A strength of the movie is the cinematography which is often effective without drawing attention to itself. Everybody and his uncle have made much ado about what appears to be one continuous take, something that forges an intimacy between the viewer and the characters. But aside from this technique, it’s obvious that Roger Deakins, the cinematographer, took great pains to convey powerful impressions of very different landscapes. As Blake and Schofield start on their quest, the audience witnesses the muck, the crowds, and claustrophobia of the trenches followed by the decay, desolation, and strangely awesome isolation of no man’s land. The vivid green fields beyond the battle-scarred landscape provide a sort of visual relief. Only when the story reaches the desolate village of Écoust-St.-Mein does the filming become a little too self-conscious by fabricating a rapidly dancing chiaroscuro through the use of flares at night. But still, a number of the scenes that Deakins creates are reminiscent of Dunkirk in that they effectively bring to mind nightmares or frustration dreams.

The acting is generally strong. Chapman and especially Mackay, who are compelled by the plot to carry the film, both deliver excellent performances. Mackay, in particular, makes an impression that is all the more powerful for its restraint. That power is especially on view in a scene where a truck Schofield is riding in gets stuck in the mud. He urges the other soldiers traveling with him—all strangers from another unit—to help him push it forward. The audience knows what he knows: time is wasting. His body language and the tone of his voice capture an earnestness and urgency that have reached the cusp of despair; his fellow soldiers respond to his pleas and having learned of his mission, look at him with a newfound respect. When compared to the scenery-chewing and overacting that characterize Midway (the other major war movie of this year), 1917 proves that less is oftentimes more.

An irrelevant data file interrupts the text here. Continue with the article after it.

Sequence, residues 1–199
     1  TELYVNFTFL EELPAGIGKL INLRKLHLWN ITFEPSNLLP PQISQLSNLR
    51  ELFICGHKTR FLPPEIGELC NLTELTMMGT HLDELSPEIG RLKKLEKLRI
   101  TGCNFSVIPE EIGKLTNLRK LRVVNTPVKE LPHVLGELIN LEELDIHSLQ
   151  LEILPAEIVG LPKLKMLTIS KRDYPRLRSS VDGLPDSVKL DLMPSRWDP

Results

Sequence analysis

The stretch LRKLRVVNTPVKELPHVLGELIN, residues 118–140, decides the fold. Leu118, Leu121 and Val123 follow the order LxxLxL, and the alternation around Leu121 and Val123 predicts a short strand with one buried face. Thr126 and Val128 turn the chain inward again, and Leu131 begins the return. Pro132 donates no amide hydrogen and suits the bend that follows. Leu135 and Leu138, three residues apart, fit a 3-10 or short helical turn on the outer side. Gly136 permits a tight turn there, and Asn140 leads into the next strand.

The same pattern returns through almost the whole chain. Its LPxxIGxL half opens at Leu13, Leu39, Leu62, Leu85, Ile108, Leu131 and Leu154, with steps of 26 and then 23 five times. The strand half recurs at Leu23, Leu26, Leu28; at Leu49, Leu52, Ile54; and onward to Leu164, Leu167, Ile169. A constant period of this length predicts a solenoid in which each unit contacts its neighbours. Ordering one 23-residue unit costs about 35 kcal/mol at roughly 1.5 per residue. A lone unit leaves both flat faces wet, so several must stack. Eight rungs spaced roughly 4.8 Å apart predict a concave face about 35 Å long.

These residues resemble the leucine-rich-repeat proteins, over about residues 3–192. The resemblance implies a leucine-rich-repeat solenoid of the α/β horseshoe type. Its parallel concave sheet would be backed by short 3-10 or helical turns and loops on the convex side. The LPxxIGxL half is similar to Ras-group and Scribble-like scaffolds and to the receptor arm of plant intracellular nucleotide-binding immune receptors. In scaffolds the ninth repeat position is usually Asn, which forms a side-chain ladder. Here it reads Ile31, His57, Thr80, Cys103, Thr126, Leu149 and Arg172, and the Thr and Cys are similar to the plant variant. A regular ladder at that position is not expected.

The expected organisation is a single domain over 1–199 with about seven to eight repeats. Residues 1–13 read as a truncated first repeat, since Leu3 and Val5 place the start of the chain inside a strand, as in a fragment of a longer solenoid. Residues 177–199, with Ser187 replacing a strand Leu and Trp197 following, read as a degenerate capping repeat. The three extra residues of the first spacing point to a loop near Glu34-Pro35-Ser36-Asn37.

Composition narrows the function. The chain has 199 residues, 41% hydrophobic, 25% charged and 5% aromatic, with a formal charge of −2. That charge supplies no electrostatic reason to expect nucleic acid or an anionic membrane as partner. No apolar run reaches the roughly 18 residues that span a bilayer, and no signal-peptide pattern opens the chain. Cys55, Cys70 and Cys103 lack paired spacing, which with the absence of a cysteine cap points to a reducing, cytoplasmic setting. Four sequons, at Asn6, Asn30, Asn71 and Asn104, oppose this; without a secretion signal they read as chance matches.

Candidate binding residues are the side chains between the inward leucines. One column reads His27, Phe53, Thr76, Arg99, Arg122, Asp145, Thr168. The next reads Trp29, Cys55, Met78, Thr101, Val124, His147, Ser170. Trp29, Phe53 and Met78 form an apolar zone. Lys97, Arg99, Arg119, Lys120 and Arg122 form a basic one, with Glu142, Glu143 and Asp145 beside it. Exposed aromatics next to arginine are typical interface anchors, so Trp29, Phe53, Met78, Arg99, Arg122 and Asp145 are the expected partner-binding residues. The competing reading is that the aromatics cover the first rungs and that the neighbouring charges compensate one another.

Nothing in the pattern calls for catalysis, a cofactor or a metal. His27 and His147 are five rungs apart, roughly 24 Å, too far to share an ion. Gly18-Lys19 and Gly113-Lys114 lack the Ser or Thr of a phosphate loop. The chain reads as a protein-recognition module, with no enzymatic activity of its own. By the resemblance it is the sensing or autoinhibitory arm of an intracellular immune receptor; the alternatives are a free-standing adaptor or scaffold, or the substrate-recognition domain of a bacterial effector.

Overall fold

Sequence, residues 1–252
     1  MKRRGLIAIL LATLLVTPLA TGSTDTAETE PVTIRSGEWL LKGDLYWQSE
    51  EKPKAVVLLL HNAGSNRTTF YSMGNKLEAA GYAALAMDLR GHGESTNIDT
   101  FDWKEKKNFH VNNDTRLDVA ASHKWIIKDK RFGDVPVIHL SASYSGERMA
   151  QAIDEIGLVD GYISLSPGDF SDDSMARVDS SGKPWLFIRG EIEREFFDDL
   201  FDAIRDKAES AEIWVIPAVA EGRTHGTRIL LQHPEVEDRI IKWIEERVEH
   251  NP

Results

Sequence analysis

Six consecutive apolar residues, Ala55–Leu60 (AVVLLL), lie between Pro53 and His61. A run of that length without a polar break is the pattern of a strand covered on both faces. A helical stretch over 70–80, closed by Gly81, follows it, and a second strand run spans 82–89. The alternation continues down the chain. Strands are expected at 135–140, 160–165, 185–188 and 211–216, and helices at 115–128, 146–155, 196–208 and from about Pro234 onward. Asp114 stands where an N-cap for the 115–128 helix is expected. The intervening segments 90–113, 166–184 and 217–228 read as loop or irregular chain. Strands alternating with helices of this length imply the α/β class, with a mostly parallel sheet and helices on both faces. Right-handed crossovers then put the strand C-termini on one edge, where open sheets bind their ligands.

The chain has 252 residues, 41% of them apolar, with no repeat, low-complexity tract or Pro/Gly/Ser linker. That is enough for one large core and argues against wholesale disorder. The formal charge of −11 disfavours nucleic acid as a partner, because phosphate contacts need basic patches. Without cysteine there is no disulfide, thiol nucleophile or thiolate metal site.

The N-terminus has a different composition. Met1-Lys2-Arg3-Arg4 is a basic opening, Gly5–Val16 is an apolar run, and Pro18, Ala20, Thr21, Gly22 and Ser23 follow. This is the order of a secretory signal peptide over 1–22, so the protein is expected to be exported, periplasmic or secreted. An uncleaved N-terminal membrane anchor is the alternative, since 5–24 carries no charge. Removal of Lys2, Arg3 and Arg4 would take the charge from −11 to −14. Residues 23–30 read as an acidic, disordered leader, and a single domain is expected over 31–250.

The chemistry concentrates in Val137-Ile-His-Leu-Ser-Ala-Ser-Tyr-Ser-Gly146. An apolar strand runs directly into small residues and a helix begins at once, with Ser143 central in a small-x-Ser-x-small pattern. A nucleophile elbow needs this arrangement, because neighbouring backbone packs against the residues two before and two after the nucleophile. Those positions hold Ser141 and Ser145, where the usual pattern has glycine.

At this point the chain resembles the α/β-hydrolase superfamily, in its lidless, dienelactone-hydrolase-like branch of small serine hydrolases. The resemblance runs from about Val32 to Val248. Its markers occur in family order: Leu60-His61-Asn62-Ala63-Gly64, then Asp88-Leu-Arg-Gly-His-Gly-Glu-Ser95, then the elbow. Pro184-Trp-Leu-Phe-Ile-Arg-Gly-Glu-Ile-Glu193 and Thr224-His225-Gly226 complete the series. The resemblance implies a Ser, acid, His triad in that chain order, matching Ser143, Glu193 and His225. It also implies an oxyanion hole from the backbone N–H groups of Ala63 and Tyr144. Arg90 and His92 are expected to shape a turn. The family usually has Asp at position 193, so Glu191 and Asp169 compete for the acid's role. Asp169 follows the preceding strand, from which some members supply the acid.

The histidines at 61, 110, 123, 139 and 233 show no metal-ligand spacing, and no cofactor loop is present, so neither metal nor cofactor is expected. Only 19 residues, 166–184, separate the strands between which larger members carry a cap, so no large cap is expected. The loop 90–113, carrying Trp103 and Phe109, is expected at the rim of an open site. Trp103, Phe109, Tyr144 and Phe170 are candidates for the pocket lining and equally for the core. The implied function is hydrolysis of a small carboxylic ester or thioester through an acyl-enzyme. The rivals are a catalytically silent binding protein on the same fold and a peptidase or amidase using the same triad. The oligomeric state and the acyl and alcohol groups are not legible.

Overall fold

That being said, the movie could have provided Chapman and Mackay with more opportunities to develop their characters. Towards the beginning of their quest, tension between Blake and Schofield suddenly breaks out into the open; after almost getting killed, the latter pointedly asks why he should risk his life on this journey to save the former’s brother. Schofield, who might as well have asked Providence the following, continues his questioning by demanding to know why Blake chose him for this task (to which Blake can only stammer that he did not know what the mission was at the time he picked Schofield). Schofield’s questions are important, existential, and universal. Why should we sacrifice ourselves for others? How are any of us chosen for our missions? These issues assume a substantial, if not sufficiently large, place in Saving Private Ryan. But in 1917, this flare-up between the two men is just that—a flare-up. We hear no more about this matter that so exercises Schofield in this scene and provides a window into the characters of both soldiers. Through his subsequent actions, we learn that Schofield has decisively answered his own question. And while his answer is beautiful, it is wrought by some strange events.

Indeed, the why and the how of this answer is what simultaneously gives the movie its dramatic force while undermining that force. It is painful to write in oblique terms about an issue of such significance to the film, but I cannot say more for fear of spoiling the movie. 1917 is a strong and striking work but not a perfect one. When all is said and done, elements of the plot (particularly the contrived parts) have difficulty sustaining the power of the film. A number of scenes in 1917 are moving, but the conclusion feels incomplete, and not just because the quest only half succeeds.